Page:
Thursday, 30 July 2015

Sheridan and the Left

I found Mark Scott's article on the Left's chances of progress in May's general election intriguing, well-written, well-meaning, and entirely wrong in terms of Realpolitik and on matters of fact. 

I was involved at the heart of Socialist politics in Scotland for some years, serving in the collective leadership of the Scottish Socialist party between 2014 and 2015, and standing for election as a Socialist candidate in the East End of Glasgow, so perhaps I can be of some assistance in clarifying some of Mark's conclusions which, as he says, have been gleaned through watching from afar. 

Firstly, he correctly observes that any electoral alliance with the Scottish Green party is a non-starter. This is not because such an alliance would be electorally unsuccessful, but because the Greens have calculated that their chances of success are better without the baggage of Scotland's socialist parties.

Furthermore, while the Greens, as a party, support independence and were a valued part of the Yes campaign, there is a strong Unionist undercurrent in the party. Former leader, Robin Harper campaigned actively for a No vote, while between a third and 40% of the membership backed the Unionists. In many constituencies, the local Greeens refused to campaign for a Yes vote.

In the run-up to the 2014 European election, the Greens and Socialists had talks about a Red-Green alliance. The Greens vision of this was a Green party candidate, with Socialists delivering their leaflets. There was no consideration, on their side, given to any sort of candidate selection process. It is my opinion that the Greens negotiated in bad faith, stringing the Socialist party along to ensure that it would be too late for the Socialists to get their act together and stand a candidate. Ultimately, the Greens, without Socialist support, fell short, resulting in the election of a fascist MEP in the final slot.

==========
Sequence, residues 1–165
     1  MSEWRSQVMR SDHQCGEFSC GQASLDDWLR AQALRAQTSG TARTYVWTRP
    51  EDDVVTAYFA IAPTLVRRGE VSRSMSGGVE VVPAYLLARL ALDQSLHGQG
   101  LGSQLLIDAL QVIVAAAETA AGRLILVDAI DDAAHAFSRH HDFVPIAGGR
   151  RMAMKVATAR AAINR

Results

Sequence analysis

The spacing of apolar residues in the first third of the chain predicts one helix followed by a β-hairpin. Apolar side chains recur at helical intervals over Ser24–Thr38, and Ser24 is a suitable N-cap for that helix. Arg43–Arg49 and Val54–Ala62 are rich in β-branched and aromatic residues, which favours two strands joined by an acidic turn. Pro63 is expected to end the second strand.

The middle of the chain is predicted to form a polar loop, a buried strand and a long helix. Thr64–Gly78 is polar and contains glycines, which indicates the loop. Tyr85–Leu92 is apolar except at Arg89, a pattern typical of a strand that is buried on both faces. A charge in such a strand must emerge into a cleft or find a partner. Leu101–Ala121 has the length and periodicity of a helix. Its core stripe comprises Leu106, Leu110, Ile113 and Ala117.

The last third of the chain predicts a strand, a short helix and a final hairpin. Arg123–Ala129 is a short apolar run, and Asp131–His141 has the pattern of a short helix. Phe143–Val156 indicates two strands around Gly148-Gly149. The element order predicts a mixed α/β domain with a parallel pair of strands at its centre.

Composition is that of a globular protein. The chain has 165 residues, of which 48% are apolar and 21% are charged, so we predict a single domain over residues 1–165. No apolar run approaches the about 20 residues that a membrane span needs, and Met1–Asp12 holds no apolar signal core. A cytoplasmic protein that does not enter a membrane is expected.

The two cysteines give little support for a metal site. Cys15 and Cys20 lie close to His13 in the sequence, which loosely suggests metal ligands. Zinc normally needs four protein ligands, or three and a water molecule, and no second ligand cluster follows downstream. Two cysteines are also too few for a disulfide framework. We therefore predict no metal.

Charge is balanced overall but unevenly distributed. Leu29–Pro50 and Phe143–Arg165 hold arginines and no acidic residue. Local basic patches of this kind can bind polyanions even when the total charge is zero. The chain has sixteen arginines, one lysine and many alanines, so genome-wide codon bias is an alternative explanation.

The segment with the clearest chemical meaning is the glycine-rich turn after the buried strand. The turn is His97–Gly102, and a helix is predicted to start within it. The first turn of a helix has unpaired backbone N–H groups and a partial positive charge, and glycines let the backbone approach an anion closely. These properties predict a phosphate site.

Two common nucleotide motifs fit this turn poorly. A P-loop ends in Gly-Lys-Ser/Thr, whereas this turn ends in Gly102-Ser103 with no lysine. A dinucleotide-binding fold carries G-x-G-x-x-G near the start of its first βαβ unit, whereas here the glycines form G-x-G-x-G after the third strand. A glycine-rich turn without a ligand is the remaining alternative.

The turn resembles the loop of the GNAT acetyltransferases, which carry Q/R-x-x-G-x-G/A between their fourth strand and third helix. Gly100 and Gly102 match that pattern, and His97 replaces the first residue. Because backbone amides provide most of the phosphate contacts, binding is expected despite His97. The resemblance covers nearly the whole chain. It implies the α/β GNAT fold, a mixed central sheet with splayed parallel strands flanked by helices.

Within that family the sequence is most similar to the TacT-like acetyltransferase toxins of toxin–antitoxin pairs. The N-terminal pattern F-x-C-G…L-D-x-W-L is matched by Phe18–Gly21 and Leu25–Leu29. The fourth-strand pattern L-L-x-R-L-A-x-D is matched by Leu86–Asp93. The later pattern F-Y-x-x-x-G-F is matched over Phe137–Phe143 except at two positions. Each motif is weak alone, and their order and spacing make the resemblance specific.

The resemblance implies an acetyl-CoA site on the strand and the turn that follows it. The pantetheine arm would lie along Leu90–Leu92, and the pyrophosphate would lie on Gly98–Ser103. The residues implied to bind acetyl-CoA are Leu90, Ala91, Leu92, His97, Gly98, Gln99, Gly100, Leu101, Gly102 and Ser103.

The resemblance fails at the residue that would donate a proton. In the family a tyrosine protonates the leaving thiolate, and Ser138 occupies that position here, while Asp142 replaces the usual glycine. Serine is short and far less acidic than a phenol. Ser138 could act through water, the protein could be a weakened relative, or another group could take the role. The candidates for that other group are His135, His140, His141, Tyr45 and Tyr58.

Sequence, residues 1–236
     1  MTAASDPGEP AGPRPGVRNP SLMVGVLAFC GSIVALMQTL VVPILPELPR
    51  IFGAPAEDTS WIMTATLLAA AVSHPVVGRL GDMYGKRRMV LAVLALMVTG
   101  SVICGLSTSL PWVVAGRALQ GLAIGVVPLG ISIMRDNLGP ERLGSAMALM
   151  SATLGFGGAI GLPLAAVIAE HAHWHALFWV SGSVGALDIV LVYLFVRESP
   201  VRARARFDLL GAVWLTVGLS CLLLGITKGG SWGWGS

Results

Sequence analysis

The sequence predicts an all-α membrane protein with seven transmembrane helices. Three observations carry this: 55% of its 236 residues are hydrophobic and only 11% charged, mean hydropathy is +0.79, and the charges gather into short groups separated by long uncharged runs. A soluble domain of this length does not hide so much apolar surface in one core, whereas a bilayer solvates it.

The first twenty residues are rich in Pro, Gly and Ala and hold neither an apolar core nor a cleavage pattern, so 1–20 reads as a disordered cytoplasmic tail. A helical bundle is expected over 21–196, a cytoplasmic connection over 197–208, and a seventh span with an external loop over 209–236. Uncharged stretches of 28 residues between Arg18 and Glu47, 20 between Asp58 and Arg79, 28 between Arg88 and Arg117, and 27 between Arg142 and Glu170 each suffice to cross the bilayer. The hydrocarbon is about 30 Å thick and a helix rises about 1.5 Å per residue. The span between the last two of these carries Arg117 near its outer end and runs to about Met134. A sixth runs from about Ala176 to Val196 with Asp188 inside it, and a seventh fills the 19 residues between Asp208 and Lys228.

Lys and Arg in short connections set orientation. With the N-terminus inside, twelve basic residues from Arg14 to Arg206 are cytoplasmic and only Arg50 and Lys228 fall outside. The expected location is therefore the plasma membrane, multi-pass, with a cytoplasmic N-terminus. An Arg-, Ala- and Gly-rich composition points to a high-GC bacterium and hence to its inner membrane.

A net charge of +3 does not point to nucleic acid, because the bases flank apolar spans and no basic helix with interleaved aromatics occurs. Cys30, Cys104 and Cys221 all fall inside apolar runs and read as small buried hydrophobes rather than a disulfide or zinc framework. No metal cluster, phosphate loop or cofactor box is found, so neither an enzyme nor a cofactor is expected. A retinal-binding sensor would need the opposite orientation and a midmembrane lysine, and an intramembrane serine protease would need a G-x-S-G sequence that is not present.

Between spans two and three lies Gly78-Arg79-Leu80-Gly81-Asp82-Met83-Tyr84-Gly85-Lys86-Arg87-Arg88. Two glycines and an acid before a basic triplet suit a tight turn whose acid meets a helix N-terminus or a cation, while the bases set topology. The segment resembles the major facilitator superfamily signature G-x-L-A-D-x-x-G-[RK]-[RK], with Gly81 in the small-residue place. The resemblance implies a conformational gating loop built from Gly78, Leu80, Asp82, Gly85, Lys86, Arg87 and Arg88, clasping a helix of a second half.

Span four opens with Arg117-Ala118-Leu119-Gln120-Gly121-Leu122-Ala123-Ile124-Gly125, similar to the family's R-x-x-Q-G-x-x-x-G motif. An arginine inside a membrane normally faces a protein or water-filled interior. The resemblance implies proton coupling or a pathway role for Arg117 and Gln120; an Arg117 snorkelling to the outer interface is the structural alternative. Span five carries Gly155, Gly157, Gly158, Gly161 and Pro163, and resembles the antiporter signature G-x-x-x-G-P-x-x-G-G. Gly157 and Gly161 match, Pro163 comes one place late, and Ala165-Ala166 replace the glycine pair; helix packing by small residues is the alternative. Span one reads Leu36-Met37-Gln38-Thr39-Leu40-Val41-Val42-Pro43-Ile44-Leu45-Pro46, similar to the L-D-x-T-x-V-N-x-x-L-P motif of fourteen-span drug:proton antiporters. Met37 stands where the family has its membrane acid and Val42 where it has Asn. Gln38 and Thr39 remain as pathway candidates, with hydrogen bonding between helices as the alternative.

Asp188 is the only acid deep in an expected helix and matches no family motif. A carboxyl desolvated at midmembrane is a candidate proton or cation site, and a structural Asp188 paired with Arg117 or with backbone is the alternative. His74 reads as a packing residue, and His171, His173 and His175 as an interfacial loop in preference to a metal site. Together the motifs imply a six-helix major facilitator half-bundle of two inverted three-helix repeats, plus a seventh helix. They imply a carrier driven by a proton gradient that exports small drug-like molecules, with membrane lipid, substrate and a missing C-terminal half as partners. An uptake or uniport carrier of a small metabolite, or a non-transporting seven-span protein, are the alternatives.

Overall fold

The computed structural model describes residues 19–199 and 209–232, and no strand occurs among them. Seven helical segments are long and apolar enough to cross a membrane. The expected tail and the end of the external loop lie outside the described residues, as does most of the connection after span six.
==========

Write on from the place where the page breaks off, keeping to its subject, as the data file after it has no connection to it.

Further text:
However, that is water under the bridge, albeit that my understanding is now that the Socialist leadership would be wary in the extreme of conducting such negotiations with the Greens again. And in the short term, the Greens don't need it - opinion polling has them winning up to ten MSPs in May and potentially becoming at least the fourth, and possibly the third, party.

Should the SNP fall short of a majority, they would be the likeliest candidate for a coalition partner, with excellent, dedicated minds in Government. This dilution of SNP hegemony would be a most positive development in Scottish politics - majority government invariably produces poor government, and insular decision-making. 

Much more important, though, is the latest in a series of siren calls for the inclusion of "Solidarity" in any Left electoral alliance. 

Mark states that if the party was excluded from the alliance, there will be the same old vote split. Let us be clear on the understanding, here. Solidarity does not need to stand in this election. If it wanted to avoid splitting the Left vote, it is at perfect liberty to stand down. It is completely at liberty to seek an agreement on standing in some areas in return for standing down in others.